When writing about the Obamacare and its birth-control mandate, I’ve made a handful of observations.
First, it is very bureaucratic and inefficient to use insurance for routine medical expenses. Sort of like using auto insurance to cover the cost of getting an oil change.Second, insurance coverage means third-party payer, which means birth control will become more expensive (albeit financed by premiums rather than out of pocket).Third, coverage mandates necessarily mean one-size-fits-all rules and regulations from Washington, limiting consumer choice and hindering market flexibility.Fourth, federal involvement creates opportunities for corruption as big medical companies figure out ways to obtain unearned profits via subsidies and mandates.Fifth, if politicians and bureaucrats really want birth control to be more affordable, they would make the pill available over the counter instead of requiring a prescription.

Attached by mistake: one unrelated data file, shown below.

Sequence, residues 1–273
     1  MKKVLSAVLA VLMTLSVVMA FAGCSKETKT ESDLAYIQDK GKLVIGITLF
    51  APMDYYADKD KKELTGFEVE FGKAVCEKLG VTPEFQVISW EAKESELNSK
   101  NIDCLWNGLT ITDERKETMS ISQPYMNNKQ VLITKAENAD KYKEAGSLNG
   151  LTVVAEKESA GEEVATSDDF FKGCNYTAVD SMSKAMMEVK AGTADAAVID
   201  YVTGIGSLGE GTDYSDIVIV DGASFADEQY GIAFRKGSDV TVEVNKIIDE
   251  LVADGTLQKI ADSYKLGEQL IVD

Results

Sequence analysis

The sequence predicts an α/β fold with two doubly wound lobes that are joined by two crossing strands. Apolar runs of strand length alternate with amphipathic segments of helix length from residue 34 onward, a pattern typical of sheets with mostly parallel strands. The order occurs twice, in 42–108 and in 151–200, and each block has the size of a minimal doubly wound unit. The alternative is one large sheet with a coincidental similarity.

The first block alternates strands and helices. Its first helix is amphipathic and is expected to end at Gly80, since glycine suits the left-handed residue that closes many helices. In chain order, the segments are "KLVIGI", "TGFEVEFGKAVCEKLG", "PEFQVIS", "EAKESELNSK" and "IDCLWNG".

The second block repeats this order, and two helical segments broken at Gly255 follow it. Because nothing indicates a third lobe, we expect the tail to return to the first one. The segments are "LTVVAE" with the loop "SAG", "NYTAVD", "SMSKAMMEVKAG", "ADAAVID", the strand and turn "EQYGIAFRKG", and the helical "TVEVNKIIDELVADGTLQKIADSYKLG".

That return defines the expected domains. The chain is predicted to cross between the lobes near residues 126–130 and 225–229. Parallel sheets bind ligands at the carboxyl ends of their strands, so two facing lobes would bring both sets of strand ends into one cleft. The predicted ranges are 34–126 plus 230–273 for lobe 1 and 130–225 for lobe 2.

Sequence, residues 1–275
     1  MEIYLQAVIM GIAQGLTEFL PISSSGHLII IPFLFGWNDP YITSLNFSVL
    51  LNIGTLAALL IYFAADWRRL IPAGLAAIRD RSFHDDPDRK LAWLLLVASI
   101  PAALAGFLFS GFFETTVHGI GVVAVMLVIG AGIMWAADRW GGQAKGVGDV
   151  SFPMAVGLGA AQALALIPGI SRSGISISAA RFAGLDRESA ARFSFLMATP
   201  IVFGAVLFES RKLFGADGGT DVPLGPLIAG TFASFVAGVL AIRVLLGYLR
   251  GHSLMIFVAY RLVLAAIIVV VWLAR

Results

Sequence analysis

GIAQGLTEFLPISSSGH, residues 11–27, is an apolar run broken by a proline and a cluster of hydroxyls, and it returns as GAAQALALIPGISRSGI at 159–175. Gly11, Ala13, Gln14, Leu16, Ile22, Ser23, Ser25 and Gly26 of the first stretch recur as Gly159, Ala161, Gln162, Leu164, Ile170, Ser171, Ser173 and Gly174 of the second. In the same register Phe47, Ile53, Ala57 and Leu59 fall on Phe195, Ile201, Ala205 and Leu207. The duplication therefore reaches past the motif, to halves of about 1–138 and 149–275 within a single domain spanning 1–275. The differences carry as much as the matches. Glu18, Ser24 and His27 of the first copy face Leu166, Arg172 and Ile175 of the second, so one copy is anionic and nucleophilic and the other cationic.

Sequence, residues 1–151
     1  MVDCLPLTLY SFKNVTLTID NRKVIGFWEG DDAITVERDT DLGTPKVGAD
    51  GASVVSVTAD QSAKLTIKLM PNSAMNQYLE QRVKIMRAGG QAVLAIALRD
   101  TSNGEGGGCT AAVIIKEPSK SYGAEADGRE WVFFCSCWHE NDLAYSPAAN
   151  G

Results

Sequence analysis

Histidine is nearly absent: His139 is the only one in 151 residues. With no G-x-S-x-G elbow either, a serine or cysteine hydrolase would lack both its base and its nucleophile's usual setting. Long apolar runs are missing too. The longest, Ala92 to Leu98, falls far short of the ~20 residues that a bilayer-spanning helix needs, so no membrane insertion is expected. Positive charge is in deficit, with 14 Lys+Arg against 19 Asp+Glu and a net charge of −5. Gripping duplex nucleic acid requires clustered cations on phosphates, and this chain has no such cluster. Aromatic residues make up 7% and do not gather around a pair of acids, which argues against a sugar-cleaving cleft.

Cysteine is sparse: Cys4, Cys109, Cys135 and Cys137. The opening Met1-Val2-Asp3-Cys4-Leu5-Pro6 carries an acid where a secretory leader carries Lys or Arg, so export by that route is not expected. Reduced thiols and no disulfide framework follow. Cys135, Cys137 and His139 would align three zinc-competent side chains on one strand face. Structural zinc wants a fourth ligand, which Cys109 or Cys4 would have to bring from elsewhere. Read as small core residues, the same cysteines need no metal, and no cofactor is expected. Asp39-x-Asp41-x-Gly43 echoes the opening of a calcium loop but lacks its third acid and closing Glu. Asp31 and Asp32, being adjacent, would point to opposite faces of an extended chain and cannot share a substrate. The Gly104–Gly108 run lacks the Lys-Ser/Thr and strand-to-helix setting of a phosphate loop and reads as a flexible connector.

President Trump recently announced that his Administration would relax the mandate. I think that is good news for the above reasons.
Critics are very upset. But rather than argue about the desirability of insurance coverage and the wisdom of Washington mandates, they’re actually claiming that the White House has launched some sort of war on birth control. I’m not joking.
Jeff Jacoby of the Boston Globeanalyzes the issue. He starts by observing that nobody is proposing to ban birth control
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